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College can be RUFF

Many college students crave the attention and affection that can be generated from friendly canines, while their schools make it difficult to own and care for one.

Most dormitories and on-campus residential halls only allow pets such as fish, while banning dogs, cats, hamsters and most other animals. This could be due to the fact that hall residents could have complications relating to allergies, noise, and filth. It could also be detrimental to the animal to live in a condition where they could be among hazards with little space to roam.

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“From a financial aspect, college students typically do not have enough money to afford a dog and all of its fees and needs on top of spending their money on school, textbooks, rent, groceries and more.”

Some students living in off-campus housing are denied the opportunity to house a pet as well, given the threat of large fines and sometimes eviction. Many rental companies require their residents to sign a lease agreeing to no-pet policies. Others require a high-priced fee be paid for each animal being housed within the residence. There’s also a chance of a pet causing major damages, which would yield yet another fee. Yard space is also an issue since off-campus college housing is usually in the form of apartment complexes; the doggies don’t have much room to play.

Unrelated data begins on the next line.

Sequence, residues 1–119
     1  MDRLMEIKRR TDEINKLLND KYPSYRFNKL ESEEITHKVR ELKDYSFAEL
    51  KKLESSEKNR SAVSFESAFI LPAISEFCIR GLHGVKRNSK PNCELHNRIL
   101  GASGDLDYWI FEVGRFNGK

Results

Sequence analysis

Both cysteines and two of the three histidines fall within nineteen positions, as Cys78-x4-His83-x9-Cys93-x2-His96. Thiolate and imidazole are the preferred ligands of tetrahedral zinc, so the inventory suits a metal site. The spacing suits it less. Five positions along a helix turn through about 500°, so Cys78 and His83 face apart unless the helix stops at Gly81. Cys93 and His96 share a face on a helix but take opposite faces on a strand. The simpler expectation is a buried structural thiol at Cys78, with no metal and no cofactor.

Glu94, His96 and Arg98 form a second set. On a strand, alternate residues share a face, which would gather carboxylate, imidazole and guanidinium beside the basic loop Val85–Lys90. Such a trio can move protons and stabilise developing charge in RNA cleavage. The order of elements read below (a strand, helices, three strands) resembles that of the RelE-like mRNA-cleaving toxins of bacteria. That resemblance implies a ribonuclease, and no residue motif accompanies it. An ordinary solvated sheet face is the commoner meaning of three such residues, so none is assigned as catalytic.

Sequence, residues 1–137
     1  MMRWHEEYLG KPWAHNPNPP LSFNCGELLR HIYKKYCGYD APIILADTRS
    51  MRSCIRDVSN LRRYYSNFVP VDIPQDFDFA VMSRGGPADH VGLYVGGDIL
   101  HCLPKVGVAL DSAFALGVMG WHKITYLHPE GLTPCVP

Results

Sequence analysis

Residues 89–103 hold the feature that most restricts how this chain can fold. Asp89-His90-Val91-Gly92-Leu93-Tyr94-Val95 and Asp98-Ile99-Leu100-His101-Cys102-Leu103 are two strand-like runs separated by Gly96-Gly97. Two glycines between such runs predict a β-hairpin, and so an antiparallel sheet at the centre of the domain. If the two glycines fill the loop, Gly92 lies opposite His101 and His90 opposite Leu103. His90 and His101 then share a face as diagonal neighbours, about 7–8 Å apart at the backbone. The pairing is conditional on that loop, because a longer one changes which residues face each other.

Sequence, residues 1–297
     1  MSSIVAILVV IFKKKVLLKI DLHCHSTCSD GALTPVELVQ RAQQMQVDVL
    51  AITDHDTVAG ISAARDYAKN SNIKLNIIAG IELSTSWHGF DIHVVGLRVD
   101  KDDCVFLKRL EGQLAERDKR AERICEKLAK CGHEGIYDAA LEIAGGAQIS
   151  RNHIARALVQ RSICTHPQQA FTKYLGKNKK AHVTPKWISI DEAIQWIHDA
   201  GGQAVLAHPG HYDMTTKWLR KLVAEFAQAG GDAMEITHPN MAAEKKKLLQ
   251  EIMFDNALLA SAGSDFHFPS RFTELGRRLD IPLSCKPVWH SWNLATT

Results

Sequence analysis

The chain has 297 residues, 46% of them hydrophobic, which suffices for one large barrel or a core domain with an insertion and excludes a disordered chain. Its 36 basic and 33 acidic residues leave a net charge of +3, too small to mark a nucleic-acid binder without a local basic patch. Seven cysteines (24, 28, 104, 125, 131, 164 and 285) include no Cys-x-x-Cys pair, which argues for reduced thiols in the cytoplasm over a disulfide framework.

Although there are many college students who are responsible enough to own and care for a dog, there are also many that neglect to care for their dog in a proper manner.

From a financial aspect, college students typically do not have enough money to afford a dog and all of its fees and needs on top of spending their money on school, textbooks, rent, groceries and more. With spending money to spare, some college students are unable to afford quality pet nutrition, vaccinations, procedures and veterinary appointments which can lead to serious health problems for their dog.

A lot of time must be dedicated to a pet dog. Their walks, exercise, training, eating, and appointments all must be scheduled. College students are generally under a tight schedule with classes and also add on extra-curricular activities. What does the dog do while a student is gone all day long? Unfortunately, the dog is usually crated or locked inside for long hours of the day with a lack of necessary attention.

Many don’t oppose the idea of owning a dog in college, but hope people can think of the animal before themselves. From this point of view people believe if an individual is unable to devote their affection, time, energy, and large portion of their life to their dog, then it’s unfair to the dog to be under their care; they see this as abuse.

Dogs can be a great companion and stress-reducer for students, but can also be a worrisome hassle. Make sure you can be dependable for your doggies!